Did you know 3 out of 4 IBS patients can control their daily symptoms with the Low FODMAP Diet? While it doesn't work for everyone, many people are able to regain some control over their lives using this program. So what is the Low FODMAP Diet, and how does it work?
The Low FODMAP diet, developed by Monash University in 2005, is a short-term program that helps IBS patients test common dietary triggers.
The program is done in three phases: elimination, re-challenge, and reintegration. The end goal is a designer Low FODMAP Diet tailored to your personal sensitivities. Any high FODMAP foods you can tolerate will be added back to your long-term diet.
Before you begin reading, make sure to check out my previous article What is a FODMAP to make sure you understand what you're testing.
Phase One: Elimination
During this phase, all high FODMAP foods are removed from your diet for 2-6 weeks. Removing high FODMAP triggers should reduce or relieve your IBS symptoms within one month (4 weeks).
Make sure you follow the elimination diet strictly, or you won't get the results you need. You should also consider external triggers like stress in your personal life, sleep quality, and any other health concerns that may trigger IBS symptoms and skew your results.
Use this time to figure out what your “normal” is. If you have been suffering from severe symptoms for a long time, you may have forgotten what a normal bowel movement looks like. Keep a diary of what goes in and what comes out of your body during this phase. This will help you describe your symptoms to your health care team, and give you a better picture of your baseline symptoms. This information will come in handy when you enter phase two.
If you need help starting a symptom diary, check out this article.
Phase Two: Re-Challenge
In the second phase, each FODMAP group is tested one at a time. During this period, you continue to follow the elimination diet, but add one test food in increasing amounts over three days. Once you're finished testing a food, you return to the elimination diet proper for a “washout” period. This will relieve any symptoms triggered by the test group so you can start your next challenge with a clean slate. Check out my article on How To Complete The Re-Challenge Phase for more specific instructions.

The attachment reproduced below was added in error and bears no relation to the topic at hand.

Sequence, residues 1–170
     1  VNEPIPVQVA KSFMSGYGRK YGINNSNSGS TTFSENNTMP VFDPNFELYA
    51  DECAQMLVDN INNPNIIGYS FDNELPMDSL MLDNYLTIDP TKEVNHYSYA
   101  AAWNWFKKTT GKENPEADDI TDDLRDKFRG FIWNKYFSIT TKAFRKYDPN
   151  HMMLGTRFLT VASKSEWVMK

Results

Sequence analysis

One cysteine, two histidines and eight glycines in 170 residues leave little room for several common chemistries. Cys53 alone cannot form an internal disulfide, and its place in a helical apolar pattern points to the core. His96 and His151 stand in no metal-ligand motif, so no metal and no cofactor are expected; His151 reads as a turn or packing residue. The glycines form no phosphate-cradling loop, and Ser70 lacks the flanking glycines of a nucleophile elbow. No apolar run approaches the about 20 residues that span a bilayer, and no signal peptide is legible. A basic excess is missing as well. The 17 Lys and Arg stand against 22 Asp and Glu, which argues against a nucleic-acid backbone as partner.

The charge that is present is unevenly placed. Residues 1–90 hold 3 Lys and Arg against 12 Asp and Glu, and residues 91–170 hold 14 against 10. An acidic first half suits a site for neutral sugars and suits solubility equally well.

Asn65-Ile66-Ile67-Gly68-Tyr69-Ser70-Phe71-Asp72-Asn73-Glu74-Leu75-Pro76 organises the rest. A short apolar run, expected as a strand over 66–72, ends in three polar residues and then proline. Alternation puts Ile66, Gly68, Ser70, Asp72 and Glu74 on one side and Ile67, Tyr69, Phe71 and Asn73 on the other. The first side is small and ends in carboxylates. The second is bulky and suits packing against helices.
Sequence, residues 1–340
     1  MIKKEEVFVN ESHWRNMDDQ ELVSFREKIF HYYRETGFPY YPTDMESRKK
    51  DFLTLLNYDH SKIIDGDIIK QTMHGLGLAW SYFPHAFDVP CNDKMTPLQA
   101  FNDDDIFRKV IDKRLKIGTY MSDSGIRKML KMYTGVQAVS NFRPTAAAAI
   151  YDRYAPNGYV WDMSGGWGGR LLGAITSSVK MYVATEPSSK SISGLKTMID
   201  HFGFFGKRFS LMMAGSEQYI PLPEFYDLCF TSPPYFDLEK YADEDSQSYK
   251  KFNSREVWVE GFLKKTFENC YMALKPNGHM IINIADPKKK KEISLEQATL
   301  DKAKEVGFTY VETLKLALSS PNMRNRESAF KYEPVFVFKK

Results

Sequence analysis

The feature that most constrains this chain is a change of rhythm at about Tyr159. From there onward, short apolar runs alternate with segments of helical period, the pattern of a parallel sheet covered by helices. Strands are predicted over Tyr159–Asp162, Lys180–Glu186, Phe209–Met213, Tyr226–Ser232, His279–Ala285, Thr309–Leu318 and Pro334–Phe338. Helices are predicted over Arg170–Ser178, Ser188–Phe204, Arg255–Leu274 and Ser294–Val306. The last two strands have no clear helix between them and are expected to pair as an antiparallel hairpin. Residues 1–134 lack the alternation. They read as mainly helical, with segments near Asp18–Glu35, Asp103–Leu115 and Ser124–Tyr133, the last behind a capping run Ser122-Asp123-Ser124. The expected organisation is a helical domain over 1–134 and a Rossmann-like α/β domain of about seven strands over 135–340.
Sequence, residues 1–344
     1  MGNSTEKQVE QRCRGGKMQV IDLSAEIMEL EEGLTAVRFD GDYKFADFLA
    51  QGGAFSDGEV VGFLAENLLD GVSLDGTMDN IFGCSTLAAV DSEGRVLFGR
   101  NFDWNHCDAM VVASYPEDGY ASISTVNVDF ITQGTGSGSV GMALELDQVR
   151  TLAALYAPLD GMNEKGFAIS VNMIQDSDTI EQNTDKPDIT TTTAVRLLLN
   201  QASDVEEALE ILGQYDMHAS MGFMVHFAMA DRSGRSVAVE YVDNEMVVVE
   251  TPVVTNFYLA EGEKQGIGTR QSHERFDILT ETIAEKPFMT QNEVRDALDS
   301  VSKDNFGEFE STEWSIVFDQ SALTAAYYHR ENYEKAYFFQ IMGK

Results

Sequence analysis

The re-challenge phase is normally completed in 4-6 weeks depending on the number of groups you're testing. For example, if you know you are lactose intolerant before you begin the elimination phase, you won't need to test this group again.
It's really important to keep a diary of what you eat and any symptoms you experience during this phase in particular. This will help both you and your dietitian decide what foods you can eat long-term. Keeping a record of your symptoms will also give you important information about how your body reacts to each FODMAP group.
Phase Three: Reintroduction
During the reintroduction phase, individual foods from each FODMAP group are added to your long-term diet. You don't have to return to the elimination phase after testing these. If you don't experience symptoms, you can keep each food in your diet going forward.
It's normally recommended that patients start with a group they handled well and move toward groups they had issues with. You can also start with foods you miss, or that would make your life a little easier. For example, lots of people start with bread or pasta, even if Fructans gave them trouble.
Tests in this phase are normally done using an average portion. This process is much faster than phase two, as foods are tested by alternating test days and rest days. If the food you're testing causes symptoms or if you're testing food from a group that caused you trouble in phase two, you can always start with a smaller portion.
Any group that caused severe symptoms in phase two should be discussed with your dietitian before reintroduction. They can make recommendations for foods you may be able to tolerate from that group and let you know if there are specific foods you should avoid long-term.
Over time your dietary needs may change. For example, our bodies produce less lactase – the enzyme that breaks down lactose – as we age. This means your sensitivity to lactose may change as you grow older. You may also find that you can add items over time. Because of this, it's in your best interest to re-test groups periodically to check for changes.
You may also experience periods in your life when the long-term diet you've settled on isn't working. This can happen for several reasons: 1) Your portions may have increased over time. 2) You may be suffering from excessive stress or lack of sleep; both of which can decrease your tolerance for FODMAPs. 3) Your tolerance to a specific FODMAP group may have changed over time and need to be reassessed.
If you are experiencing symptoms after a period of relief, first, check the labels on items you eat regularly. Companies don't always advertise when they change the ingredients in their products. Because of this, you may have added some FODMAPs to your diet without knowing.
You may also need to address external factors like your current stress level, your sleep hygiene, your physical health, etc. Try getting some extra sleep, delegating some tasks at home or at work, and finding some time to be nice to your body.
If you can't pinpoint the issue, go back to the elimination diet until you feel better. If that doesn't relieve your symptoms, you might consider a trip to your doctor as something else may be mimicking IBS symptoms and require your attention.
Now that you understand the three phases of the Low FODMAP Diet, I hope you it give a try. Don't let the elimination phase scare you. It's only 2-6 weeks, and there are lots of delicious low FODMAP recipes available here at The FODMAP Formula and online, as well as your local bookstore.
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© Copyright 2017 Amy Agur – The FODMAP Formula